“O Lord, how long shall I cry for help, and you will not hear? Or cry to you, ‘Violence!’ and you will not save?”
Habakkuk is really an interesting book in the Old Testament. It’s a prophetic book. Habakkuk is a prophet, but what’s interesting in this book is usually you have God speaking to his people through the prophet, but in Habakkuk, you actually have Habakkuk speaking a lot to God on behalf of his people. This whole book is like a dialogue between Habakkuk and God. Habakkuk is watching as the Chaldeans, otherwise known as the Babylonians, are about to destroy Judah, the people of God. Habakkuk is wondering why and, “Where is God in the middle of it all?” We just see a struggle of faith in Habakkuk. It’s here in these first words that come out of his mouth, “Why? O Lord, where are you in the middle of all of this?”
We can pray honestly before God knowing that He cares for us even when we do not understand.
It’s one of the things that I love most about the Bible. It’s real. It’s raw. The Bible does not gloss over the hard realities that come from sin and evil and suffering in this world in ways that, if we’re honest, cause all of us at some point to ask, “God, do you hear us? God, do you care about what’s going on?” This is Habakkuk saying, “I cry to you, ‘Violence.’ Will you not save? Do you care? Are you good? Are you going to show your power? Are you powerful? Are you holy?” He says later in this chapter, “Your eyes are too pure to look on evil. You can’t look at wrong, so why are you allowing this to happen? Where is your power? Where is your word? Where is your justice?” In the middle of it all, Habakkuk’s faith is just being shaken. He’s asking honest questions, not in rebellion against God, but just in pleading before God.
I can only imagine that some people listening to this right now are walking through times like that. If you’re not walking through a time like that right now, that is you may soon at some point walk through a time like that. I just want to encourage you. I wish we could study the whole book of Habakkuk to ask those honest questions before God and to go to his word and realize, indeed, this is what Habakkuk would realize, and we’ll see this in the next couple chapters, but God does hear our cries. He does care for his people. God is good. God is holy. God is all-powerful. He is just. He will show his justice in due time. Ultimately, God is worthy of our trust. Let me just encourage you to pray honestly before God, particularly with any struggles you’re walking through right now, with a humble heart before him but an honest heart before him.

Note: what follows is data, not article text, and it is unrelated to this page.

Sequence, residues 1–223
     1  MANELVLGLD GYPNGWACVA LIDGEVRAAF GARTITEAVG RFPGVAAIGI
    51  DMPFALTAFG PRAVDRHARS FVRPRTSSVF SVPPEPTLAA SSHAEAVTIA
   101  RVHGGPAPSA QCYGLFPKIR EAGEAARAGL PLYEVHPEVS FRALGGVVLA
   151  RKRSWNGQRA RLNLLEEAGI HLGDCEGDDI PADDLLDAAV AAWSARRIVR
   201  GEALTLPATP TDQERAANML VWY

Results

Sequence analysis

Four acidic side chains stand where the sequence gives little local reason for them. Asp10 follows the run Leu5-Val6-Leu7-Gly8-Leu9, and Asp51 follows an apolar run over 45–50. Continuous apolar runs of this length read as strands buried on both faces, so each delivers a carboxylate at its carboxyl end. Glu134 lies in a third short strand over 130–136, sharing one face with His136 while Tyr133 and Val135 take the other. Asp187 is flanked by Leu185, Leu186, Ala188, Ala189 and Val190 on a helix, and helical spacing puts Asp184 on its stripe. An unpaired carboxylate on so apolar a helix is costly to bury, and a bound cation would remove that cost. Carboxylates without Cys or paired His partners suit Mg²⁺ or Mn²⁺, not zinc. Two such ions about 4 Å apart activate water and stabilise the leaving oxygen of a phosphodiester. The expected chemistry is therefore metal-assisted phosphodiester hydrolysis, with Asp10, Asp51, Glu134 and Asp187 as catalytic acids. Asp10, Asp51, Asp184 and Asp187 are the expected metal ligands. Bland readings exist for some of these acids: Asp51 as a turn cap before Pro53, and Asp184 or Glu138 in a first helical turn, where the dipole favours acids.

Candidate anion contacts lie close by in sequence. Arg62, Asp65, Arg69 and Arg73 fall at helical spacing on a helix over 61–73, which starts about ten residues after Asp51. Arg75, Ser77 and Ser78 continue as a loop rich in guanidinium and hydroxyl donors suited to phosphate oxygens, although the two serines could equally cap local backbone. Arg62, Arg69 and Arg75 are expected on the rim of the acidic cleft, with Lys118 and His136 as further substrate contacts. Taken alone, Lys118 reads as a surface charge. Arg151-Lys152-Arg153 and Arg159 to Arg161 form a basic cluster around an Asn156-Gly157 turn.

We pray: God, we have limited minds, limited perspective, limited understanding, limited knowledge. We look around and we don’t understand why this or that is happening, how you could allow this or ordain that. God, we look to you with honest hearts, with hearts that often times hurt, and we plead before you for grace in the middle of trial. God, I pray for those who are walking through trial right now, walking through circumstances where they’re tempted to wonder if you’re even there and if you care. God, I pray that they would know that you are there. I pray that they would know that, indeed, you care. You care so much. You are our Father in heaven. You are completely good. You are completely righteous. You are completely just. You are totally worthy of all our trust. God, I just pray those realities over those who are asking those questions right now.
I pray that, indeed, in each of our lives, in my life, and in the life of those who are walking through these difficult things, God, that we would grow, just as Habakkuk did as he asked these questions, we would grow to know you more, grow to know your justice more, your righteousness more, your holiness, your goodness more even in the middle of trial. God, I pray that you would shower your goodness over those who are walking through difficult circumstances, you’d shower your grace on them, the power of your presence with them as they walk through this and give them faith on days when faith is hard to come by. Help them to hold onto the hope that we know is found in you. Ultimately, Jesus, we know you have conquered sin and evil and suffering and death and, one day, you will wipe away every tear from our eyes. We hold onto that promise, that reality. I pray for that kind of hope to enable brothers and sisters to persevere in the middle of trial and suffering and unanswered questions in this world. In Jesus’ name we pray. Amen.
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